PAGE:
Our facility is peanut and tree-nut free. We manufacture no products using these ingredients, and no foods containing these substances are allowed in our facility. Inbound seed ingredients are inspected for any possible contamination.

How do you handle corn, soy, and rice?

Our products contain no corn, soy, or rice. Although we produce no products containing these ingredients, we do not prohibit employees from bringing foods containing these ingredients into our facility for their personal consumption in the employee lounge.

Do all your products include eggs?

The majority of our products contain eggs. However, our pita bread is made without eggs.

Do you make any dairy free products?

Our Cinnamon Raisin Bagels and Vermont Country Rolls are the only products that do not contain dairy. Those products that are dairy-free are clearly labeled as such on the product packaging with red banners. We take great care in the production of our dairy-free products to prevent contamination.


Is your facility gluten free certified or do you test for gluten?

Although all our products are produced in our own, dedicated gluten-free facility, we routinely have our finished products tested by an independent, third party laboratory for the presence of gluten and casein (for the dairy free products). We use Bia Diagnostics Laboratory in Burlington, VT, which also does the testing for the Gluten Intolerance Group certification and the Gluten Free Certification Organization certification. We test for the presence of gluten using the R5 ELISA Sandwich Assay, which has been validated by the Prolamin Working Group of the Codex Alimentarius Commission. This assay is the most sensitive available and tests for the presence of gluten to 5ppm.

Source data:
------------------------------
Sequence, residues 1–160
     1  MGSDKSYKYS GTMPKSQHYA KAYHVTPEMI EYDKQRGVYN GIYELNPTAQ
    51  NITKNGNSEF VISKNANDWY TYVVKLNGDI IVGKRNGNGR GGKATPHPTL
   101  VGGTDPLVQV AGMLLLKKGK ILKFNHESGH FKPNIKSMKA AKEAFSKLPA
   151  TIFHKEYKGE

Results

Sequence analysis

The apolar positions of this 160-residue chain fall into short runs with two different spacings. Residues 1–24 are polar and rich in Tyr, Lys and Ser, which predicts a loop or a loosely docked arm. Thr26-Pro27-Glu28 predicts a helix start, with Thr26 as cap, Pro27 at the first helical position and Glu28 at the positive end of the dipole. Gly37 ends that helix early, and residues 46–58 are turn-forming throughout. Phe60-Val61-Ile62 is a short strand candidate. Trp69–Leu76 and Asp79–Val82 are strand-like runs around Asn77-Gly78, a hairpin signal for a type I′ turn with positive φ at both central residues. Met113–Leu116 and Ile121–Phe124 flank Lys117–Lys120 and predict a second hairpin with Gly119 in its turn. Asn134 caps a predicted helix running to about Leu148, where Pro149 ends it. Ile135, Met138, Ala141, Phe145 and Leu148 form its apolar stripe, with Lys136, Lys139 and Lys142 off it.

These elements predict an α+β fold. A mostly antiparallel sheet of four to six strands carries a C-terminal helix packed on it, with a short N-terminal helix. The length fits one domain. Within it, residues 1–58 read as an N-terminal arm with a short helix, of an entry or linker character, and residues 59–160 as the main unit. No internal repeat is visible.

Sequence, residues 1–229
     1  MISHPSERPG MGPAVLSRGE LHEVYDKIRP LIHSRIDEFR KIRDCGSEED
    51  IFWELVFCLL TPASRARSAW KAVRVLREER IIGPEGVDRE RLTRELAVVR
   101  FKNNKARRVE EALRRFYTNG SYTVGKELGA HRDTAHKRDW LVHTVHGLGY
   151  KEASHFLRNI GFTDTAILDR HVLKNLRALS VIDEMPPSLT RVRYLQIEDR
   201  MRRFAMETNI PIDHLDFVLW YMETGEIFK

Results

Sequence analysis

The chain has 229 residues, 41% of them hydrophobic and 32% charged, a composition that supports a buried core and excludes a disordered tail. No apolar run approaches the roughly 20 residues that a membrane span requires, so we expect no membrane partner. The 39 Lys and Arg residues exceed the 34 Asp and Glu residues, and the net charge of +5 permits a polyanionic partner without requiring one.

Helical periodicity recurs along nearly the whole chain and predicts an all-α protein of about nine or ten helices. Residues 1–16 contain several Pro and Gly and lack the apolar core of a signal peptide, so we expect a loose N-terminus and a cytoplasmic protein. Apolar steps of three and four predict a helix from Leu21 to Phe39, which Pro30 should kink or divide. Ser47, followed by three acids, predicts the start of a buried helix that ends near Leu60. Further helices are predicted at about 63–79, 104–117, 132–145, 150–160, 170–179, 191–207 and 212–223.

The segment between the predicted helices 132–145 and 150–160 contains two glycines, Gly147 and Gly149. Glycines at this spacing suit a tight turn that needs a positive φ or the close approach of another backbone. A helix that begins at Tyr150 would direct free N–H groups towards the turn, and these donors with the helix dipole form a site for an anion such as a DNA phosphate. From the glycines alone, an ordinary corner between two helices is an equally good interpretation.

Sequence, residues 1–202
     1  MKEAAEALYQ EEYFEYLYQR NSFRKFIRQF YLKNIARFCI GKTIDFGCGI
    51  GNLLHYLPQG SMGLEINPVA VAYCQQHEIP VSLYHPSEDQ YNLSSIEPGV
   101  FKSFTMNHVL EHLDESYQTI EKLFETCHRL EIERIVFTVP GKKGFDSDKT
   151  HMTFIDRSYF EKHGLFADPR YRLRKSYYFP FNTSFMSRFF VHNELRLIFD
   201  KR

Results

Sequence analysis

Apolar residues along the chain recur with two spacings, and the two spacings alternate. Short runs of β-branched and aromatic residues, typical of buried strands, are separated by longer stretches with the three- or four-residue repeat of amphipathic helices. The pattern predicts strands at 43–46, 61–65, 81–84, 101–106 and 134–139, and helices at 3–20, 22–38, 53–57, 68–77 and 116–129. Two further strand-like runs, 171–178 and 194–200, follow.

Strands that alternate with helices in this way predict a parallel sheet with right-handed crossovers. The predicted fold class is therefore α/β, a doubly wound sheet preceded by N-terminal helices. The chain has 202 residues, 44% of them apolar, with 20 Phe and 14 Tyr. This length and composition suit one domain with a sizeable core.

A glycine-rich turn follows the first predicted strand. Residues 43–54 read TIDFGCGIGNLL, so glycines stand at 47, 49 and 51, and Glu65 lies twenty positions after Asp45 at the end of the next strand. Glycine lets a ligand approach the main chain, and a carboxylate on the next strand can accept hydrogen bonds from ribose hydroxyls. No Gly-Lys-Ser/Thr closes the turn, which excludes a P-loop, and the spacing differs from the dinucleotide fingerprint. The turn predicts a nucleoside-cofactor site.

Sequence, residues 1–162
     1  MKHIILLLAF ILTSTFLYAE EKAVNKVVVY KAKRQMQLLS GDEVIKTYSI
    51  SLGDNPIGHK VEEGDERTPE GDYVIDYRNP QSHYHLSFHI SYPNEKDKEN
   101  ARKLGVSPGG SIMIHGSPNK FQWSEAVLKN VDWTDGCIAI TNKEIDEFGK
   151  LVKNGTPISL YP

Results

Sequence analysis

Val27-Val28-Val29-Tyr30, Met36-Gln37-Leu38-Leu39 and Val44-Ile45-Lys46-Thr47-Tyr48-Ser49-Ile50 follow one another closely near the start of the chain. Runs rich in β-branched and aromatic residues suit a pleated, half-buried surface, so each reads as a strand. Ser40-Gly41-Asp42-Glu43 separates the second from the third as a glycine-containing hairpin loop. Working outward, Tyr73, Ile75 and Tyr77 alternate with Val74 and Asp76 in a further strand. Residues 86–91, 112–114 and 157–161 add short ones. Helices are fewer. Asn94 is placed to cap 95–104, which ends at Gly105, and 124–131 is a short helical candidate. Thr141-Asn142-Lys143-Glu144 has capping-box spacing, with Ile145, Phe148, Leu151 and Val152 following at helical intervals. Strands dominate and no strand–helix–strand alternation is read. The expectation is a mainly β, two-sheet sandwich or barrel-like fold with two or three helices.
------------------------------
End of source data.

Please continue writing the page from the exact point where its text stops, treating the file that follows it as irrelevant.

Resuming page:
OUR POSITION ON GMOs



What is a GMO?

GMO stands for Genetically Modified Organism. These organisms go through genetic engineering and have had their genetic makeup (DNA) altered in ways that do not occur in nature or through traditional cross-breeding methods. For example, genetic engineers have transferred genes from a bacterium known as Bacillus thuringiensis, or Bt, into the DNA of corn. Bt genes express a protein that kills insects, and transferring the genes allows the corn to produce its own pesticide. So, foods that contain GMOs are supposed to make bigger and better food with less work.

We are not scientists here at Against The Grain Gourmet, but when we look at this we can't help to think that this is another way to further industrialize and consolidate our food and agriculture system. At Against The Grain Gourmet, we believe ingredients are best the way nature intended – organically grown and straight from the farm as much as possible.

We have concerns that increasing GMO crops come at the expense of smaller farms. Our mission is to support local family farms, and we will continue to support local family farms. Instead of mandatory standards that are prohibitively expensive for our local farmers, we are simply developing our own standards to avoid the use of GMO ingredients.

Our Definitions